The legalization of marijuana has been increasing rapidly across the United States, and with that, it has increased demand for other products, such as Cheetos and surprisingly, electricity.
Many farmers prefer to grow indoors to maximize the growing seasons and yield, while some states that have legalized marijuana do not allow outdoor growing. In 2012, indoor growing costs piled up $6 billion in energy costs. Besides the lighting needed to grow the plants, the indoor growers need AC and fans to keep rooms at 75 degrees, a dehumidifier to prevent mold, and a carbon dioxide injection system. These consume a lot of energy and run 24/7.
The California Public Service Commission completed a study in 2012 that showed indoor pot farms used 3% of the total electricity consumption in the state, which is equivalent to 1 million homes. They also estimate that amount to be 3-6% in 2017. Interestingly, this is more electricity consumed by the power-hungry data centers and server farm industry combined.
Can the utility infrastructure handle this increased demand?
Some utilities find it difficult to keep up. For example, in Portland, Oregon Pacific Power reported seven power outages directly attributable to cannabis production. In other areas utilities are doing all they can to meet the demand without having to build new expensive power plants. In Washington State, a local utility provided 70 pot growers with LED lights and other upgrades that saved more than 40 million kilowatt hours over two years. LED lights can increase some farmers yield by 30% and reduce their energy consumption by 45% when compared to a conventional bulb.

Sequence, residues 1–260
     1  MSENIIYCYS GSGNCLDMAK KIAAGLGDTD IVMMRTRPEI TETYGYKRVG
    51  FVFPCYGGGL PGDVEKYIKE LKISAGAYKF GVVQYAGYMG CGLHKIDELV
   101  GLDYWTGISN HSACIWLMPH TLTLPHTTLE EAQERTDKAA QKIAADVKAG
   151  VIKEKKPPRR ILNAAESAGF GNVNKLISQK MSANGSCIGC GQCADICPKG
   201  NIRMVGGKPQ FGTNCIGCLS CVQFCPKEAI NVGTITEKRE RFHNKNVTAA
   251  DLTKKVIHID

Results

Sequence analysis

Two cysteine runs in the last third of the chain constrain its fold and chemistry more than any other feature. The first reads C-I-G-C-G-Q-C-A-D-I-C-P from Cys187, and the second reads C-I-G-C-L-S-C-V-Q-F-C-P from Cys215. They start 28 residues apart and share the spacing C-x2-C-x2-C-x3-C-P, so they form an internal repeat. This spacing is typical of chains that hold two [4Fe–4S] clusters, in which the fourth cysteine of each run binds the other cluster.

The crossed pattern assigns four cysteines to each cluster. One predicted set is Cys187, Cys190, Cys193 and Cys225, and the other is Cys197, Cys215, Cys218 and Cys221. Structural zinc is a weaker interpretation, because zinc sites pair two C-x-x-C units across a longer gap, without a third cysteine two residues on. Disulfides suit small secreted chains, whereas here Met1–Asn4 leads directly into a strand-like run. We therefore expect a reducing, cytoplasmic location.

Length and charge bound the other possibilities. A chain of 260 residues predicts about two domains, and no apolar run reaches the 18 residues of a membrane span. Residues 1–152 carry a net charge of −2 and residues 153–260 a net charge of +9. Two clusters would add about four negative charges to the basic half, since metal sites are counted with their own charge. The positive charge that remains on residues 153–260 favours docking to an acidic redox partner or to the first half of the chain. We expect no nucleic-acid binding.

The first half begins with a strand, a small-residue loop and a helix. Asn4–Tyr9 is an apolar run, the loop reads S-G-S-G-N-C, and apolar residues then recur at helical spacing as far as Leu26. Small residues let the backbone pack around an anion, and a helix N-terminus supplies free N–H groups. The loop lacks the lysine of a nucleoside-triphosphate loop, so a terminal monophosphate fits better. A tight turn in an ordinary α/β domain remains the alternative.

If the growth in the marijuana industry and the resulting electricity demand continues, the US may need the equivalent to 40-45 gigawatts of new power plants by 2030. By 2050, that need may be equivalent to 50-90 gigawatts of new power (this would also require thousands of miles of new transmission lines).
Some utilities are applying a fee or special tax to the industry for the demands they are putting on the electric system, but even with the massive energy costs and increased charges by utilities, the industry is still profitable. The production costs average $600 per pound of marijuana, but the wholesale value of the medical marijuana is $2,000 per pound, which is still a hefty profit. To summarize, there is a lot of power in the production of pot, and a lot of profit too.
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